NASCAR: Hendrick mum on Junior’s crew chief
By Mark Long
CONCORD ó After months of firmly backing Dale Earnhardt Jr.’s crew chief, car owner Rick Hendrick was noncommittal about Tony Eury Jr.’s future Tuesday.
Although Hendrick said no personnel changes have been made on Earnhardt’s No. 88 Chevrolet, he declined to give Eury a vote of confidence a day after NASCAR’s most popular driver was 40th in the Coca-Cola 600, his worst finish of the season.
Hendrick left open the possibility that Earnhardt could have a new crew chief this weekend in Dover, Del.
“Could it change?” Hendrick said following the sport’s “town hall” meeting. “We’re talking about things. We’re meeting. We’re going to make decisions as the days go by. But we haven’t made any decision as of right now.”
Earnhardt ran near the back of the pack Monday and was two laps down in the rain-shortened Coca-Cola 600, his worst showing since last season’s finale in Homestead, Fla.
Earnhardt wasn’t involved in a wreck and didn’t have mechanical problems at Lowe’s Motor Speedway. His car handled poorly all afternoon.
When the race was over, Earnhardt was left with his third consecutive finish outside the top 25. He’s also been 20th or worse five times in the last six Sprint Cup events.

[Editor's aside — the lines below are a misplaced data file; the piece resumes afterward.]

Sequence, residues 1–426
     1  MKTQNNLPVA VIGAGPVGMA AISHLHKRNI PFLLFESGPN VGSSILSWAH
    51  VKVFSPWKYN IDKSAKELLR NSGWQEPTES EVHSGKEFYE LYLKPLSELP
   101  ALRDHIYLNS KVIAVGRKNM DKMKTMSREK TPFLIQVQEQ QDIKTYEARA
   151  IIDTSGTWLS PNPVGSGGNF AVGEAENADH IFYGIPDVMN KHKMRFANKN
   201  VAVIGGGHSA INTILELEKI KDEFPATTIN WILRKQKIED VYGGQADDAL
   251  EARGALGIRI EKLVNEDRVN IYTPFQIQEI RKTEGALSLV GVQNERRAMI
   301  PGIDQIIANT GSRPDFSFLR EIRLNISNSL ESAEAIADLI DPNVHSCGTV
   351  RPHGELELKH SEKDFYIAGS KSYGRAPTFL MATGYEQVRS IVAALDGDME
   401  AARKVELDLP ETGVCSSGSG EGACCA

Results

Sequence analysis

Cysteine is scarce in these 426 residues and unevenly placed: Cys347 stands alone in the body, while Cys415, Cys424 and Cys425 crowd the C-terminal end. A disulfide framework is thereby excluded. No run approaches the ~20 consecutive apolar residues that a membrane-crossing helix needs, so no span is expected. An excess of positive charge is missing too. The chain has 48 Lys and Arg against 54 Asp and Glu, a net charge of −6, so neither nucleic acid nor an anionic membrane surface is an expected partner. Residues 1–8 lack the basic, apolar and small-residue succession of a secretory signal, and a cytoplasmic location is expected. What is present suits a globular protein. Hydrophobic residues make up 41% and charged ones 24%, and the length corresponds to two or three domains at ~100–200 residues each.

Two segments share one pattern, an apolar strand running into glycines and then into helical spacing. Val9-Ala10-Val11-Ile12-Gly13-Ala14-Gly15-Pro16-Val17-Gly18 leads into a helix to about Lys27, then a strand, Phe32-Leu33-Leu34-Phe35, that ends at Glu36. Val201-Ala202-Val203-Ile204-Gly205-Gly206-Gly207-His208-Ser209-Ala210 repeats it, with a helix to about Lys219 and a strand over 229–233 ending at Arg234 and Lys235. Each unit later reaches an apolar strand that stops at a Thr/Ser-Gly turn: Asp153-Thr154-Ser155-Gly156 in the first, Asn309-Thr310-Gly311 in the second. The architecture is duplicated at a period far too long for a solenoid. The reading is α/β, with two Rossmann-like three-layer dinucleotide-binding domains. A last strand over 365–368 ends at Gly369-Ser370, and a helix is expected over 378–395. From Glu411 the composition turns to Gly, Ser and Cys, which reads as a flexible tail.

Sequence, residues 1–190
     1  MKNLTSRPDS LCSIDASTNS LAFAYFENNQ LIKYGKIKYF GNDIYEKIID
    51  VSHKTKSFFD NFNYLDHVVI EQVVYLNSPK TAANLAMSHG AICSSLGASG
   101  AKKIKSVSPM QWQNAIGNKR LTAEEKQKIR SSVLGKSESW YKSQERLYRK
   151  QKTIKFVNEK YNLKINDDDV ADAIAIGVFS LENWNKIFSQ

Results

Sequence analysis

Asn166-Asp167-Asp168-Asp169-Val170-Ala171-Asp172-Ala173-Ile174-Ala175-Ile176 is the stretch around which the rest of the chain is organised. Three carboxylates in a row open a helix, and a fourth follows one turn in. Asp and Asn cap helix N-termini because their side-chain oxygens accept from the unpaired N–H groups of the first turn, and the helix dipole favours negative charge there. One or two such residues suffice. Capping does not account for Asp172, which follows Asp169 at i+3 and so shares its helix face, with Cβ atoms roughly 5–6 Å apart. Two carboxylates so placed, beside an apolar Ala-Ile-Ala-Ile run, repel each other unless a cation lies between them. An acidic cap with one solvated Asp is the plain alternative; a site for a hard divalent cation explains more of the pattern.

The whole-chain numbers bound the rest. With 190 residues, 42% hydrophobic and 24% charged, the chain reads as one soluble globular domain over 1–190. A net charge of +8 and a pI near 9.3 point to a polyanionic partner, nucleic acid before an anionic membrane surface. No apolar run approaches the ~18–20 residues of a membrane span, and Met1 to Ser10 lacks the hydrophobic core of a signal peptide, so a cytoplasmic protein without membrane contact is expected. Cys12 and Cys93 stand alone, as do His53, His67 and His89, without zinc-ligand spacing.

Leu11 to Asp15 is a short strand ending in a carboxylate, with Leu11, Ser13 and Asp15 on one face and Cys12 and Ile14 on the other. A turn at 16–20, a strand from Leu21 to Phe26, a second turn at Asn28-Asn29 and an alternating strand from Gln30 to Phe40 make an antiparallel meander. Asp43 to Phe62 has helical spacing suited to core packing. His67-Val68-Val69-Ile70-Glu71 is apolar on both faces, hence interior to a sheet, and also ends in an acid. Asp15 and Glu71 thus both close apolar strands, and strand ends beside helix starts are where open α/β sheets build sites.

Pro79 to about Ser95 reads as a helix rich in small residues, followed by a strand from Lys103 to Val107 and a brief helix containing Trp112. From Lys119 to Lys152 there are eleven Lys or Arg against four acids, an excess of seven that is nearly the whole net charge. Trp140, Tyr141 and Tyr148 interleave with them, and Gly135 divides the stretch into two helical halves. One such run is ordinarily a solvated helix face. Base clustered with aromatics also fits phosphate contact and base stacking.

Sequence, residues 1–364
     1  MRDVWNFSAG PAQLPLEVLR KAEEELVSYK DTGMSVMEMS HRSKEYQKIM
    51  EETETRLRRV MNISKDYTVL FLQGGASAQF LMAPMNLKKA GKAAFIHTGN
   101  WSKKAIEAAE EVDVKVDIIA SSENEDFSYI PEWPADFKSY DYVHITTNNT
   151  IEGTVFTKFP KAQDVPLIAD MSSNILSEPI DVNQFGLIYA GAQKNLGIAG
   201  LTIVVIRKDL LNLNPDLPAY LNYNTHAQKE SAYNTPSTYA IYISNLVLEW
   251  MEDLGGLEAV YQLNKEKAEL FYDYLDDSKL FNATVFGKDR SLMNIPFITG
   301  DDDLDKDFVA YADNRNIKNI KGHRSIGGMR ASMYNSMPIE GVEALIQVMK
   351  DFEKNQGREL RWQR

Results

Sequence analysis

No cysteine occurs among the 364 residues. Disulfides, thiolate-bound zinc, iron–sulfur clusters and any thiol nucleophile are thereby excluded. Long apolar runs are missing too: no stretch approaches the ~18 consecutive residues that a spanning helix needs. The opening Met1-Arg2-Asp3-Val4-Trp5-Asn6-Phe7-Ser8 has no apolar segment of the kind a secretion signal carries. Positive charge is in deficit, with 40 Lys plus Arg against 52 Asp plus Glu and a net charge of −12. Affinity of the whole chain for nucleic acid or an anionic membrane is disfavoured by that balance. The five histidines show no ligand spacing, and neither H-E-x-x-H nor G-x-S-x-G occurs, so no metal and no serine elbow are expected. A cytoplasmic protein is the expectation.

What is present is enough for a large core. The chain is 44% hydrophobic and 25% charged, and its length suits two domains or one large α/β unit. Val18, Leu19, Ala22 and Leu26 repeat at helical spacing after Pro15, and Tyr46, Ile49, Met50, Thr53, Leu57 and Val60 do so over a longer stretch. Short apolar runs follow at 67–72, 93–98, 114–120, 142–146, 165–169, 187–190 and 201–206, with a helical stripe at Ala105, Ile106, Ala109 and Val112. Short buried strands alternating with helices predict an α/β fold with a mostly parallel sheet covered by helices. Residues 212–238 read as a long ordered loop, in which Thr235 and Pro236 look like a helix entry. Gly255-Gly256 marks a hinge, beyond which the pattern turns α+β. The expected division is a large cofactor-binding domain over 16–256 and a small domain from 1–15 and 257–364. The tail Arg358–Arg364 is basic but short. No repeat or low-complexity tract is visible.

“We just missed a setup,” Hendrick said. “I can’t explain why because basically we’re the same, all four cars. They all fought a lot of the same problems early on. Probably as a group, we were off. We’ve been better at Charlotte than we were yesterday. I was disappointed; our teams were disappointed. We’ve got to go back and look at what we did.
“We just never could get (Earnhardt’s) car adjusted back.”
His teammates did.
Jimmie Johnson ran up front all day, but wound up 13th because of the final red-flag situation. Jeff Gordon finished 14th in what he called a “horrendous” car, and Mark Martin was three spots back after falling way behind because of a pit-road violation.
Earnhardt, who was testing on the road course at Virginia International Raceway on Tuesday and unavailable for comment, was way back all day. He’s been in that position often in the last 11 months.
Earnhardt joined Hendrick before the 2007 season in what was arguably the biggest free-agent move in NASCAR history, and many believed getting the sport’s most popular driver in the sport’s best equipment would land Junior in Victory Lane early and often.
It hasn’t happened.
He won once last season, at Michigan in June, but has been mostly mediocre in the 33 races since. He’s finished outside the top 20 a telling 14 times during that stretch.
Some believe the problems have started to get in Earnhardt’s head. Hendrick has said he was looking for new ways to get the team turned around. He said there had been several meetings and tons of information sharing with his other teams in hopes of finding some solutions.
But he’s strongly backed Eury the whole way, insisting that Earnhardt’s cousin and longtime crew chief is the right man for the job.
Hendrick was asked specifically if Eury would be atop the pit box at Dover, but for the first time, did not give a firm confirmation.
“We’re always concerned when we have a car that doesn’t run well,” Hendrick said. “We’re always meeting and trying to figure what to do and how to make it better. That’s just an ongoing situation. We’ve got to come up with a plan and we’ve got to work toward it.”